ALPINE — When kids head out the door to walk to school, parents often worry about dangers on the roads. One Utah elementary school received national recognition Wednesday for making sure its students have safe routes.
"Alpine, Utah, embodied everything the safe routes to school is all about," said Lauren Marchetti, director of the National Center for Safe Routes to School, as she prepared to award Alpine Elementary.
The school, its students and parents worked hard to improve the safety of routes to school for walking and biking. Now, they're a national example for other schools after receiving the James L. Oberstar Safe Routes to School Award.
For three years, Alpine has encouraged students to walk or ride bikes, rather than get a ride from mom or dad. Fewer cars lead to less traffic and a safer environment for students on foot.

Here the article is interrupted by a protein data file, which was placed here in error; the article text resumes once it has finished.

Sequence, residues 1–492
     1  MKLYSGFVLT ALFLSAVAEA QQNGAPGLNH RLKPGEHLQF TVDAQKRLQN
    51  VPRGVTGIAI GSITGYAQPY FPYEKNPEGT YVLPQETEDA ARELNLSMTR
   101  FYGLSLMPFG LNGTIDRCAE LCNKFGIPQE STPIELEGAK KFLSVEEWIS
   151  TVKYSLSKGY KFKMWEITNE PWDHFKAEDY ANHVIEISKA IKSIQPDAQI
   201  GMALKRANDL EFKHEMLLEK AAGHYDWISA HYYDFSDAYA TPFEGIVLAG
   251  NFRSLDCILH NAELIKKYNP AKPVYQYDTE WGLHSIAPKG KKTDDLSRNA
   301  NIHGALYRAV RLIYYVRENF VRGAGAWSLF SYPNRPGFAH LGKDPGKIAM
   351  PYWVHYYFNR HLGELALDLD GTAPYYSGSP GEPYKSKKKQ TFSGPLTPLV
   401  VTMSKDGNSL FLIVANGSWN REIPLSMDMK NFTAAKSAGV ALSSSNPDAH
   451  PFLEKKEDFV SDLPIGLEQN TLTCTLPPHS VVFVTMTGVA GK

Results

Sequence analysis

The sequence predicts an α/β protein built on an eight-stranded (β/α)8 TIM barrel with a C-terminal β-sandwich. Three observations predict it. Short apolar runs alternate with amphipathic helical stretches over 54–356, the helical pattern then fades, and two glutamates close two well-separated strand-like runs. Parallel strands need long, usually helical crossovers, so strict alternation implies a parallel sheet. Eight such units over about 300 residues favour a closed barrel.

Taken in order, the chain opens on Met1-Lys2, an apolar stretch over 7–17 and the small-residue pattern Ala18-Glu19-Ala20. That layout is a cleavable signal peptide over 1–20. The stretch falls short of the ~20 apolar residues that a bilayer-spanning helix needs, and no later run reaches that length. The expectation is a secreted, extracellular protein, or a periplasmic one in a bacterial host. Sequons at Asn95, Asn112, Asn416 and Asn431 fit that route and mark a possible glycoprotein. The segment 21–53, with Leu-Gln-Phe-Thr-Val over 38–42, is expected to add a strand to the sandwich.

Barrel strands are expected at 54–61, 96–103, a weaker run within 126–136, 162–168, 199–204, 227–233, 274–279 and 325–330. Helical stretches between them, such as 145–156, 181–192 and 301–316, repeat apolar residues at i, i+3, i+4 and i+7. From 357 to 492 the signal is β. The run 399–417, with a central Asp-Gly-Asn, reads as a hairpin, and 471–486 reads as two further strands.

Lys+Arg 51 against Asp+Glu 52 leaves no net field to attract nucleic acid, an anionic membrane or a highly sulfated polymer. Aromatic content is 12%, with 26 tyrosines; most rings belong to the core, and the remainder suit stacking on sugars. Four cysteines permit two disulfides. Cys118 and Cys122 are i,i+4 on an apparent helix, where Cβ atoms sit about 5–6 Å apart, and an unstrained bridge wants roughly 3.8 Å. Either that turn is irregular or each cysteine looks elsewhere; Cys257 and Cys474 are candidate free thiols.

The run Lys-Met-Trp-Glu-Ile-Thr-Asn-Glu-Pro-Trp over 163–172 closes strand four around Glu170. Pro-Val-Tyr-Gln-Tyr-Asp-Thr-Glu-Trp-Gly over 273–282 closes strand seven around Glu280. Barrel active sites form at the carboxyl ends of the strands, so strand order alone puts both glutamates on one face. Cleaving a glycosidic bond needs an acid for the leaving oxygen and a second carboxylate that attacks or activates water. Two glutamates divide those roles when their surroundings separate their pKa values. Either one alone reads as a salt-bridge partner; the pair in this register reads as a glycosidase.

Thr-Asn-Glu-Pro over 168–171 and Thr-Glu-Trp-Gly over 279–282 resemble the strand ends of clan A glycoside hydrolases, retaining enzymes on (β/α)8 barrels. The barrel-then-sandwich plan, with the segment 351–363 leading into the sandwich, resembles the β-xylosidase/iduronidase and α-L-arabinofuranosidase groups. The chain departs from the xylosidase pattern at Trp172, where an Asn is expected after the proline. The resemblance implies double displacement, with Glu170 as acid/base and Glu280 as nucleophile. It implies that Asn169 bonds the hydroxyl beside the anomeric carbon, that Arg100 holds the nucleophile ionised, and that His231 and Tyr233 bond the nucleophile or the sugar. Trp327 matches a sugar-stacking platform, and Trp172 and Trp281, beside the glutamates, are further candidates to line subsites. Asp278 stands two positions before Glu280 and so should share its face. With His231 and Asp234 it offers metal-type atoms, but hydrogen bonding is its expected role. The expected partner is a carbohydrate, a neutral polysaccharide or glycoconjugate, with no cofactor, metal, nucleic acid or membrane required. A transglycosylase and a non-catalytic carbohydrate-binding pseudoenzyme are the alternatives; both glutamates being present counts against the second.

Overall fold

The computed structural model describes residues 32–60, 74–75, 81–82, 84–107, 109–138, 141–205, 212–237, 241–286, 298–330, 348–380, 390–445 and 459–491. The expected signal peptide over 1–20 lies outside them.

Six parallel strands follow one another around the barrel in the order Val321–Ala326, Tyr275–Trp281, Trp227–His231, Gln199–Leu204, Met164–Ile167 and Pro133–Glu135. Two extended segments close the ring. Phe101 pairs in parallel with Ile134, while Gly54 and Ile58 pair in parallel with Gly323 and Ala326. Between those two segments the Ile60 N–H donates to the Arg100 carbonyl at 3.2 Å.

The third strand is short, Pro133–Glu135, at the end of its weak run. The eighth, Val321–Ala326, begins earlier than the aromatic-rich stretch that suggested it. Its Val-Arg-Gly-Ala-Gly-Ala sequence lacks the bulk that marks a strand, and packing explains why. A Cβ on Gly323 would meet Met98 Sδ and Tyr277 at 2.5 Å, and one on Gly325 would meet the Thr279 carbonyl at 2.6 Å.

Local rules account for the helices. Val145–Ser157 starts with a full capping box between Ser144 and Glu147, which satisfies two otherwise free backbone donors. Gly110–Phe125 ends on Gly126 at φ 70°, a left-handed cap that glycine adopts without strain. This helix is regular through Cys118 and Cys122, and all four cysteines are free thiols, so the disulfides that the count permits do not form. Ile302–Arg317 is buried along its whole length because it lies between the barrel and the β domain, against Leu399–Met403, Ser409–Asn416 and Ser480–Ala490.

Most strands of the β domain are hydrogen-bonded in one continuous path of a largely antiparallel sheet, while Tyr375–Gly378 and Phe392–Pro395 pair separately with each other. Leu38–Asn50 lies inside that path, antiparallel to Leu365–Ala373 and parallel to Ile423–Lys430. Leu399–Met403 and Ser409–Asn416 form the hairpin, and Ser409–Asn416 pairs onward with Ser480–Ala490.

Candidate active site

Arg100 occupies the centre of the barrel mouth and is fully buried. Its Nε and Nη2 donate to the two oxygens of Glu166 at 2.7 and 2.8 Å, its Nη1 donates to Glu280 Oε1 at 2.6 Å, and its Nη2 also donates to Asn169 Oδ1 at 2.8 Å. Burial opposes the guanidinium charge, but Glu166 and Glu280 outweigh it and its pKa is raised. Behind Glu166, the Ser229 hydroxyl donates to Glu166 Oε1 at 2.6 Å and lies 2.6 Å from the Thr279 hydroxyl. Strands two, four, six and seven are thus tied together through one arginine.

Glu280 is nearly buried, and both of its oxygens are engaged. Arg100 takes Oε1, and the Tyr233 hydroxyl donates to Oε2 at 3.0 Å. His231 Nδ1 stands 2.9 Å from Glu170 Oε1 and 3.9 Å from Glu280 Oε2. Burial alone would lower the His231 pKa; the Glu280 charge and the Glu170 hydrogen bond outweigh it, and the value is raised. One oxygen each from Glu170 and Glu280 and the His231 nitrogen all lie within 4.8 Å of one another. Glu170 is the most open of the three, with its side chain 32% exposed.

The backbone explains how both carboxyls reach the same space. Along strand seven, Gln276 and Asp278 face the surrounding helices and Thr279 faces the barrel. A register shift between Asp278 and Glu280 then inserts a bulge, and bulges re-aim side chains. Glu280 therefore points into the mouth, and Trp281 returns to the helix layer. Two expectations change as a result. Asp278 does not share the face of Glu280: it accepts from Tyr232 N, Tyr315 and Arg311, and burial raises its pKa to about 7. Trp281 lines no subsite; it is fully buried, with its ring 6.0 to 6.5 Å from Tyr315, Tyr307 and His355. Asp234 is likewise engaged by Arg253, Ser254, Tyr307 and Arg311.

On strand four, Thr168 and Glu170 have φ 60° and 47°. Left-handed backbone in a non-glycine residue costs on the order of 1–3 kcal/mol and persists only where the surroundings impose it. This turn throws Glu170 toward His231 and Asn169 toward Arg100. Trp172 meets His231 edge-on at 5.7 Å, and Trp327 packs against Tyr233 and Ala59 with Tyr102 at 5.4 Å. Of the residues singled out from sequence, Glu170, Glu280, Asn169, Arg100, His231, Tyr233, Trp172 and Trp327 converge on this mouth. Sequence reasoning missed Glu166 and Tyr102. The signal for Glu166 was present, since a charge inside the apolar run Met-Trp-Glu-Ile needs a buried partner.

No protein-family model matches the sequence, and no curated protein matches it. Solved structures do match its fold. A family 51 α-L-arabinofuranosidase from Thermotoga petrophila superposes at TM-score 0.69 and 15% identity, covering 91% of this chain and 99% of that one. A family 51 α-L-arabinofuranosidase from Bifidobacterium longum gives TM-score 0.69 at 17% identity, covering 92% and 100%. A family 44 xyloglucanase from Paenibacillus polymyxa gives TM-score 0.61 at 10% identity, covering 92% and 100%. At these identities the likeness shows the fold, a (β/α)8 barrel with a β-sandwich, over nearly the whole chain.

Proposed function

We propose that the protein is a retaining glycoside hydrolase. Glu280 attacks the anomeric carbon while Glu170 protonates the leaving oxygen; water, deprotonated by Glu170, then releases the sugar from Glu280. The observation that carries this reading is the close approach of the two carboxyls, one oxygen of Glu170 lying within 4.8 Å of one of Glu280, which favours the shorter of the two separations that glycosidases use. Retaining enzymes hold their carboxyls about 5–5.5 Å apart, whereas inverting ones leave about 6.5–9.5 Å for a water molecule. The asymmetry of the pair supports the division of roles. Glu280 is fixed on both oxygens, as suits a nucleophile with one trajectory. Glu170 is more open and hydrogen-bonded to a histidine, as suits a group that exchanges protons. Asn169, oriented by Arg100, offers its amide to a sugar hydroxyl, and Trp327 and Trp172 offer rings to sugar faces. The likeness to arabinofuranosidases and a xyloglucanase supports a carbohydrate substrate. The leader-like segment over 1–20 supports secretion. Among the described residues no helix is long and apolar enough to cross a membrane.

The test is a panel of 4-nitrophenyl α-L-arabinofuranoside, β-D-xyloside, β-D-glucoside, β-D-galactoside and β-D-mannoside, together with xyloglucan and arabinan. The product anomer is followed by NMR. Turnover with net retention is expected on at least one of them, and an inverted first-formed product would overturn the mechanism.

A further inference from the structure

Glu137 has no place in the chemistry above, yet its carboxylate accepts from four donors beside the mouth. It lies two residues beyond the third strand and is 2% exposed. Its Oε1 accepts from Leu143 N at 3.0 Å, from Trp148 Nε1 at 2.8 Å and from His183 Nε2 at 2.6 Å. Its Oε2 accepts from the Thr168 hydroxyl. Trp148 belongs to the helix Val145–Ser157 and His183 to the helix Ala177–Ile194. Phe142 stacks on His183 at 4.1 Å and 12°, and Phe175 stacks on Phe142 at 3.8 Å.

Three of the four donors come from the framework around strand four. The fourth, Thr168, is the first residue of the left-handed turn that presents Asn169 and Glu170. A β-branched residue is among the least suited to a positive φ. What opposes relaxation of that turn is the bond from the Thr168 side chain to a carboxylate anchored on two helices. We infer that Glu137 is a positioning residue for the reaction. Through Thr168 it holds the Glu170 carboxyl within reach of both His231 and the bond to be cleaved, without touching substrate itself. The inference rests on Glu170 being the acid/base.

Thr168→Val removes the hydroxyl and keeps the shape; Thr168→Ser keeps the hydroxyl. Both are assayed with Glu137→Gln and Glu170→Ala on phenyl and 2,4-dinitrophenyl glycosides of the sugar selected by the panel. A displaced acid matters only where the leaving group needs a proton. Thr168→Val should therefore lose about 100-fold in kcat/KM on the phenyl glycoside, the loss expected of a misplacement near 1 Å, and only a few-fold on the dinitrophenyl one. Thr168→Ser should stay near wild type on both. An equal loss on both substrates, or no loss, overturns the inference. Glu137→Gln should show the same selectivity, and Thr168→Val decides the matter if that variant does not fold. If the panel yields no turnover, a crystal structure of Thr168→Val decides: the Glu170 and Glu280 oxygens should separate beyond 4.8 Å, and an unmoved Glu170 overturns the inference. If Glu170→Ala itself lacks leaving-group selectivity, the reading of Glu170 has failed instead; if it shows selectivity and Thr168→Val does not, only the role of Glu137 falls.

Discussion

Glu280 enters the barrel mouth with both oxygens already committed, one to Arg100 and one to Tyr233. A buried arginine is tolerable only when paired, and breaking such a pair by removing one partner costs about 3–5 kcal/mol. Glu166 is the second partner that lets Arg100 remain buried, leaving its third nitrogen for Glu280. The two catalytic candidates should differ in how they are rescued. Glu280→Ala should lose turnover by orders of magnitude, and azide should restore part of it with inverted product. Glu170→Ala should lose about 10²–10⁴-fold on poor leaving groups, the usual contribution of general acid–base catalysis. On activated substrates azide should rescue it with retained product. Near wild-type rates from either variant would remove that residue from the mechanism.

"They tried to make it safer for children to walk or bike to school," said Marchetti. "They encouraged more students to walk or bike to school, and they also did it with heart."
In the last year, students logged more than 40,000 miles walking and biking to school. Walking and biking rates went from 35 percent to 50 percent in one year.
"That's impressive," said the national director of the program.
Students also raised enough money through donations to pay for three months' worth of lunches for their sister school, Candle Light School in Nairobi, Kenya.
Alpine received federal grants for new speed-limit signs, the new trail and better bicycle storage. The city of Alpine pitched in $125,000 in labor and materials.
"It's been a big tribute to the parents and to the kids for their commitment to being healthy and walking to school safely," said Cami Larsen, principal of Alpine Elementary School.
More than 10,000 schools across the country conduct safe routes to schools programs. Alpine was nominated for the award because of its accomplishments.